Director – Charles Matthau, Screenplay – Darren Star, Story – Darren Star, Andrew Licht & Jeffrey A. Mueller, Producers – Yoram Globus & Menahem Golan, Photography – Timothy Suhrstedt, Music – Dana Kaproff, Visual Effects Design – Bill Millar, Visual Effects Supervisor – Paulette Smook-Marshall, Production Design – Curtis A. Schnell. Production Company – Cannon Films.
Nicholas Strouse (Ryan Richmond), Andrea Thompson (Lisa Winston), Adam West (Charles Pinsky), Candice Azzara (Edna Pinsky), Martha Scott (Virginia Camalier), Matt Adler (Dan Forrester), Paula Irvine (Marilyn Richmond), Hugh Gillin (Fred Richmond), Hugh O’Brian (Richard Camalier), Timothy Patrick Murphy (Jeff Richmond), Isabelle Walker (Jenny Camalier), Gloria Henry (Mary Richmond)
Teenager Ryan Richmond is regarded as weird by the rest of his family. His brother is about to be married to the daughter of a former Presidential candidate and the family try to make sure Ryan does not embarrass them. Trying to obtain a date for the wedding, Ryan logs onto a computer dating service that tells him he is an alien. Suddenly, the small Arizona town is descended on by a group of cultists who are certain that Ryan is their navigator and want him to take them back to the stars.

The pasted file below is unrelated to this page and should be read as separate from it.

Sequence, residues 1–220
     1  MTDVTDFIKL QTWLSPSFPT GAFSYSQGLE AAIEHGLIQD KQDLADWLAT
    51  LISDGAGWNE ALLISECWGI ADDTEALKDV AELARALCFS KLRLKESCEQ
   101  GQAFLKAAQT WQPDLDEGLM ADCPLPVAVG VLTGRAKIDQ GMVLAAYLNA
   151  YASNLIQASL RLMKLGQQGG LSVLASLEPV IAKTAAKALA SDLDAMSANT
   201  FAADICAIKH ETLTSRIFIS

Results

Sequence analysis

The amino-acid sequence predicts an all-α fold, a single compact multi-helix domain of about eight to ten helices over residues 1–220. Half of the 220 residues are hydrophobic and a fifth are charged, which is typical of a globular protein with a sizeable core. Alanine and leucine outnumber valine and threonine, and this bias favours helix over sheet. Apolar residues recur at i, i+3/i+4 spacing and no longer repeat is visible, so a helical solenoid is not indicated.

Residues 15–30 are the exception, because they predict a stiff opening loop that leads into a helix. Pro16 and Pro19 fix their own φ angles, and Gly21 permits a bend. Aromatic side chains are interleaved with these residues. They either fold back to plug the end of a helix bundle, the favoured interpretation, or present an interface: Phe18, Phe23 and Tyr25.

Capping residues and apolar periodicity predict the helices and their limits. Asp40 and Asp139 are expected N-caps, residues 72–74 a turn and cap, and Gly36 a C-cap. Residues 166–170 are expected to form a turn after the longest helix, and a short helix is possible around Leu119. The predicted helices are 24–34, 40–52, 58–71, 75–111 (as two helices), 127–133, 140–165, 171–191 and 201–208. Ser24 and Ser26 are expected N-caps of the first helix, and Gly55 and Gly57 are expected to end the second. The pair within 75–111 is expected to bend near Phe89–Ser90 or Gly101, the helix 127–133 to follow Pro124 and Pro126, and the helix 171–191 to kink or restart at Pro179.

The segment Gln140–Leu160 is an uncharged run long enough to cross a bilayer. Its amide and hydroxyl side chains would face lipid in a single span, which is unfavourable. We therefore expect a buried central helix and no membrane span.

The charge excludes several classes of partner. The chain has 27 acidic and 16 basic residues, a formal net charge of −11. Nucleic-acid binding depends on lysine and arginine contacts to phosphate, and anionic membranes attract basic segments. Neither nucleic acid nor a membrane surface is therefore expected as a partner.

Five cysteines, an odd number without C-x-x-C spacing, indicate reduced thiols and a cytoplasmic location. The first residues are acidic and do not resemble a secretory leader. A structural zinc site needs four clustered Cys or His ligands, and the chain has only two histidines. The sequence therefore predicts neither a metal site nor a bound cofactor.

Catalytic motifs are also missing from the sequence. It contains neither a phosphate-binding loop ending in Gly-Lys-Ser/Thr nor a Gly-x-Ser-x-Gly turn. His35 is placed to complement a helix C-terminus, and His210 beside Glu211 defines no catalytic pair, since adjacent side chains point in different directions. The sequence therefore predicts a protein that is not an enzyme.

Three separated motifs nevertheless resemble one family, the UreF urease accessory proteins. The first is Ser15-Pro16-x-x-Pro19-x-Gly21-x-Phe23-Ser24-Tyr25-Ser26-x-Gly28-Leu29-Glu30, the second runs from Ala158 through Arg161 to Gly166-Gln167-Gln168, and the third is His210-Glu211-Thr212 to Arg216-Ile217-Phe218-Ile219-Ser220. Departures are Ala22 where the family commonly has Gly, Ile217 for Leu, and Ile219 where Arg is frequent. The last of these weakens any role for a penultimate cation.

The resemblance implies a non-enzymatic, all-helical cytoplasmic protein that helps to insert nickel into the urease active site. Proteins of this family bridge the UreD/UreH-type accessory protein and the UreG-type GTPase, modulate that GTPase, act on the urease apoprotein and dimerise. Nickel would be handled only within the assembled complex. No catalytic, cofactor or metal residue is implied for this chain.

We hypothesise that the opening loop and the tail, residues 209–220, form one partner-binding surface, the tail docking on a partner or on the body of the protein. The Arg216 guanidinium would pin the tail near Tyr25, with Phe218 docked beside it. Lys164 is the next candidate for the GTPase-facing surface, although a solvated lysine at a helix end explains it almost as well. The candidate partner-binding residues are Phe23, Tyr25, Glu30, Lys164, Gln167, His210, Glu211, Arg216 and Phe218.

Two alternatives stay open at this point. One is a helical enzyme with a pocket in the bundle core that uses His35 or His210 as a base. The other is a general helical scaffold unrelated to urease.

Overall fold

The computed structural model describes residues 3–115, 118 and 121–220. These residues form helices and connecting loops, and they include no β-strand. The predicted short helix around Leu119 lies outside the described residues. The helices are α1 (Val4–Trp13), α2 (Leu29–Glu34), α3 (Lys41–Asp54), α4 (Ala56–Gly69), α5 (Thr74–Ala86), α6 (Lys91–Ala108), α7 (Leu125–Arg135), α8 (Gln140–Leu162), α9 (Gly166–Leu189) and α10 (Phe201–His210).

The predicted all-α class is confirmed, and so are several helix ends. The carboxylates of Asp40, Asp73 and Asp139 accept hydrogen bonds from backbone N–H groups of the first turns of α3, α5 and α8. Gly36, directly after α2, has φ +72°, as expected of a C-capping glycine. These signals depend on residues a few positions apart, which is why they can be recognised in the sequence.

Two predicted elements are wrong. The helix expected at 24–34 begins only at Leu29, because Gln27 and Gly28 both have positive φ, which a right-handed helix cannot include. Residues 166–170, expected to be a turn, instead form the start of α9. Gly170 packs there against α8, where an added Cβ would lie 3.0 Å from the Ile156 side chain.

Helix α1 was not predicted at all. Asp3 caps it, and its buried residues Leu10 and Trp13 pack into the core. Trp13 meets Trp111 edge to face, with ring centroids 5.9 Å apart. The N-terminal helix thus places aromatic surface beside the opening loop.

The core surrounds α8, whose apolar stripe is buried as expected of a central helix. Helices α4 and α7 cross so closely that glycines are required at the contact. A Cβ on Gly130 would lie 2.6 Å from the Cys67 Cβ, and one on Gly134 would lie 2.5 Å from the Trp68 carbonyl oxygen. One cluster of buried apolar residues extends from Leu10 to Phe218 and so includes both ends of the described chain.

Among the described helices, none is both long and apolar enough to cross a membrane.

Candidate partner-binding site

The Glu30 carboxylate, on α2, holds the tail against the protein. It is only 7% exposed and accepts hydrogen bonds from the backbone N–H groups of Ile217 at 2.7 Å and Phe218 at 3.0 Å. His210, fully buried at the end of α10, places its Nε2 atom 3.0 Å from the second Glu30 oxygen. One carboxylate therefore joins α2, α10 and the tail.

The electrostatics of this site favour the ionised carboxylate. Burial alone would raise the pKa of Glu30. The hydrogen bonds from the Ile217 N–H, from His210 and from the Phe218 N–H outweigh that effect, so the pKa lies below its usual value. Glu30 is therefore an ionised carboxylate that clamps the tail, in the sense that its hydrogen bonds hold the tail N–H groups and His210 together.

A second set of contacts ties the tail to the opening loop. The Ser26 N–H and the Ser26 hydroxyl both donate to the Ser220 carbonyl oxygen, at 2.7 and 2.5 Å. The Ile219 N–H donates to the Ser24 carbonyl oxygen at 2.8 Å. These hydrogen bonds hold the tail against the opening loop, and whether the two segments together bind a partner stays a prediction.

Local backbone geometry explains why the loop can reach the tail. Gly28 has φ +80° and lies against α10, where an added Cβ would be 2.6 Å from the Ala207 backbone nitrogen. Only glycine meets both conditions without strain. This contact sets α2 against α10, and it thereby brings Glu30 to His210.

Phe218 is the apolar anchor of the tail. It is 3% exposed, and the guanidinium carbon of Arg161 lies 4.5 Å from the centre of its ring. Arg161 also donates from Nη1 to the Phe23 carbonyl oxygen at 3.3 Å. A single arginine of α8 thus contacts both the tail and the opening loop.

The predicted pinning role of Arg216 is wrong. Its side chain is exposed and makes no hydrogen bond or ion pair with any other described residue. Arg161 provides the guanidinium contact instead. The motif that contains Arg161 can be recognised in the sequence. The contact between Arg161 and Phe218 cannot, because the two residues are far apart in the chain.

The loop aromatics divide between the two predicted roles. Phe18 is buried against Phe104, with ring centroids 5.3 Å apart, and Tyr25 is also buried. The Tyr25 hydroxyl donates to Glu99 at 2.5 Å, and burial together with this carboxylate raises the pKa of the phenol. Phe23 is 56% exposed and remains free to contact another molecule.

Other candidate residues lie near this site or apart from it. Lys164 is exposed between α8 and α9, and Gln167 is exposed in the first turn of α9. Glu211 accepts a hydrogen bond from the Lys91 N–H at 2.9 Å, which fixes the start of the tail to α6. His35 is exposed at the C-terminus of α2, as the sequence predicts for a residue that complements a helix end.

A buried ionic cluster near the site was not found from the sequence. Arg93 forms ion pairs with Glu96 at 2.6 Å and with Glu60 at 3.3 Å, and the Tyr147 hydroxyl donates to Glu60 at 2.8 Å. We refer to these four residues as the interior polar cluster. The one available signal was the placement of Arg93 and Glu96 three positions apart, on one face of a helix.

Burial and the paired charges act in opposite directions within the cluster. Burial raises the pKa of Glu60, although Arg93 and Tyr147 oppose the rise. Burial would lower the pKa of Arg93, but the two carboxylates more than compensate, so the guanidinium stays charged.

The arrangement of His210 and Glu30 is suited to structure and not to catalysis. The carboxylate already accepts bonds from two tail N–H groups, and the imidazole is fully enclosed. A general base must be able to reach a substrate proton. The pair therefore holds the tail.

Doin’ Time on Planet Earth was the directorial debut (and so far only directorial entry) from Walter Matthau’s son Charles. It as released by Cannon Films, the company of Israeli producers Menahem Golan and Yoram Globus who produced a truckload of Charles Bronson and Chuck Norris action films during the 1980s.
It is a real oddity. It gives the appearance of trying to milk the teen make-out formula of Golan-Globus’s Lemon Popsicle films but that the formula has been subverted by the sensibilities of someone like a Tim Burton. There is a peculiar off-centre oddity to the whole film – in one of the more eccentric touches, Candice Azzara wears a beehive even larger than her head that also doubles as a birdcage. However, while the film capers about energetically, it is never what one could call particularly funny.
The science-fiction element is treated ambiguously – the film circles around the idea of Nicholas Strouse being an alien without, in the end, either confirming or denying whether he is or this is just the nutty beliefs of the pursuing cultists. It is a film less about anything to do with science-fiction than one where aliens become a metaphor of sorts for alienation and a upbeat little message that society should be more welcoming of eccentricity.
Interestingly, the cultists seem to have been modelled their ideas on cheesy science-fiction films, the point being underscored by the screening of clips from Plan 9 from Outer Space (1959) and Santa Claus Conquers the Martians (1964) throughout.